Take the 2-minute tour ×
Stack Overflow is a question and answer site for professional and enthusiast programmers. It's 100% free, no registration required.

I am interested in using shapes like these:

tangram

Usually a tangram is made of 7 shapes(5 triangles, 1 square and 1 parallelogram).

What I want to do is fill a shape only with tangram shapes, so at this point, the size and repetition of shapes shouldn't matter.

Here's something I manually tried:

crescent with tangram shapes

I am a bit lost on how to approach this.

Assuming I have a path (an ordered list/array of points of the outline), I imagine I should try to do some sort of triangulation.

Is there such a thing as Deulanay triangulation with triangles constrained to 45 degrees right angled triangles ?

A more 'brute' approach would be to add a bunch of triangles(45 degrees) and use SAT for collision detection to 'fix' overlaps, and hopefully gaps will be avoided.

Since the square and parallelogram can be made of triangles(45 degrees) too, I imagine there would be a nice clean geometric solution, right ?

How do I pack triangles(45 degrees) inside an arbitrary shape ?

Any ideas are welcome.

share|improve this question
add comment

1 Answer

up vote 1 down vote accepted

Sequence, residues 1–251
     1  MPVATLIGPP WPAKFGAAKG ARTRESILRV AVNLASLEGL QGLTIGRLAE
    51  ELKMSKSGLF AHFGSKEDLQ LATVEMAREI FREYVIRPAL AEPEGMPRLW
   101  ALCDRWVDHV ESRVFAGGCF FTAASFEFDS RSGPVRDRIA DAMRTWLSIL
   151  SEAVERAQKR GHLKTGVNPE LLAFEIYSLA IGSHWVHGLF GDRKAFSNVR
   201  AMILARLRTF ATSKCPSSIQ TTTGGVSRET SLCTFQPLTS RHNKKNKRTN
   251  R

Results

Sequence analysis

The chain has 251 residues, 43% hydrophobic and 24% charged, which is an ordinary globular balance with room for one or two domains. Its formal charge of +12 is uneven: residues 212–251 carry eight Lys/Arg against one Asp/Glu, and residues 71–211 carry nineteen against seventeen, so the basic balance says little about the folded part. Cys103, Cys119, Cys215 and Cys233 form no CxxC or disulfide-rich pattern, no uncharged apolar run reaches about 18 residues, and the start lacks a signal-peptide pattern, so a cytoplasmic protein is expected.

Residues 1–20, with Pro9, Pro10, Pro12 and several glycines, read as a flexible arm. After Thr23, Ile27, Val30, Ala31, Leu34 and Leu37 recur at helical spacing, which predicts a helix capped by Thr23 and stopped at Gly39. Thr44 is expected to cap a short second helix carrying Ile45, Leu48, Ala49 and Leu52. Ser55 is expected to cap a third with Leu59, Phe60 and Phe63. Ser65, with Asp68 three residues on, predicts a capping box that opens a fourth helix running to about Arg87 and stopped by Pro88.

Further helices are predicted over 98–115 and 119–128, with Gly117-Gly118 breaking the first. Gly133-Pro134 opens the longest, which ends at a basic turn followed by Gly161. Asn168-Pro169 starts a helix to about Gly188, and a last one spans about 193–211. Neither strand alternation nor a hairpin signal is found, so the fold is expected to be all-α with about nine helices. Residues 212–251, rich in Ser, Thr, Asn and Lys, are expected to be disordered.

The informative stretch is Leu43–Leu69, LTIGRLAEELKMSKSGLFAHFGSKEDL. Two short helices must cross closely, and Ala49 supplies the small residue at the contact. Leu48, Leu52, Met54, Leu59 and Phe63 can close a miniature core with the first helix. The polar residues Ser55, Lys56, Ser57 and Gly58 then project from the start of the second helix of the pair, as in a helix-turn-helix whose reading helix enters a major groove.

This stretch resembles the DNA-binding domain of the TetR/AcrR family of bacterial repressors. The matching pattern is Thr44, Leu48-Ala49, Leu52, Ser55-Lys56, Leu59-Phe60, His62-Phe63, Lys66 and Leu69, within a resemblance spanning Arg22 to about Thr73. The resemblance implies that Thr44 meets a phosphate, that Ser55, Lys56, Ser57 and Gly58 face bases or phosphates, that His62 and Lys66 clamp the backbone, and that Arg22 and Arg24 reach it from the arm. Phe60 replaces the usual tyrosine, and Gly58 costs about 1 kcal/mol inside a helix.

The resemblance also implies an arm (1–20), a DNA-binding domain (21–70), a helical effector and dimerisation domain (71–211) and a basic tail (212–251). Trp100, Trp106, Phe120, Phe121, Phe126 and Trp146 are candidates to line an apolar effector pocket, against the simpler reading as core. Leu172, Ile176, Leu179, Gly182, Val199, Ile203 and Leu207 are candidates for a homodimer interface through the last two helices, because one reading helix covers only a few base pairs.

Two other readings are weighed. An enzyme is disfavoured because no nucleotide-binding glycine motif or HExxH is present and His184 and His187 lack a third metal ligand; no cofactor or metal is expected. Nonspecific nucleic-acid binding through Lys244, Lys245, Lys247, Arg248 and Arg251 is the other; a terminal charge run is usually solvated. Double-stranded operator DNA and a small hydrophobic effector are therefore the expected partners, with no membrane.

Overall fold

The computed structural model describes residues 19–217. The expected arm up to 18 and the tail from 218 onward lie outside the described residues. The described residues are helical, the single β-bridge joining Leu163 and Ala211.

A few random thoughts (maybe they help you find a better solution) if you're using only the original sizes of the shapes:

  • as you point out, all shapes in the tangram can be made composed of e.g. the yellow or pink triangle (d-g-c), so try also thinking of a bottom-up approach such as first trying to place as many yellow triangles into your shape and then combine them into larger shapes if possible. In the worst case, you'll end up with a set of these smallest triangles.

  • any kind triangulation of non-polygons (such as the half-moon in your example) probably does not work very well...

  • It looks like you require that the shapes can only have a few discrete orientations. To find the best fit of these triangles into the given shape, I'd propose the following approximate solution: draw a grid of triangles (i.e. a square grid with diagonal lines) across the shape and take those triangles which are fully contained. This most likely will not give you the optimal coverage but then you could repeatedly shift the grid by a tenth of the grid size in horizontal and vertical direction and see whether you'll find something which covers a larger fraction of the original shape (or you could go in steps of 1/2 then 1/4 etc. of the original grid size in the spirit of a binary search).

If you allow any arbitrary scaling of the shapes you could approximate any (reasonably smooth ?) shape to arbitrary precision by adding smaller and smaller shapes. E.g. if you have a raster image, you can e.g. choose the size of the yellow triangle such that two of them make a pixel on the image and then you can represent any such raster image.

share|improve this answer
1  
very good advices. Here is a rough test using a square grid:lifesine.eu/tangram/45BitmapTest3.html Each grid square is split into 4 areas and based on the average brightness of each grid 'quarter' a triangle is drawn(lifesine.eu/tangram/algorithm.svg) –  George Profenza Dec 14 '10 at 12:14
    
Looks very nice (the test) ! –  Andre Holzner Dec 15 '10 at 7:32
add comment

Your Answer

 
discard

By posting your answer, you agree to the privacy policy and terms of service.

Not the answer you're looking for? Browse other questions tagged or ask your own question.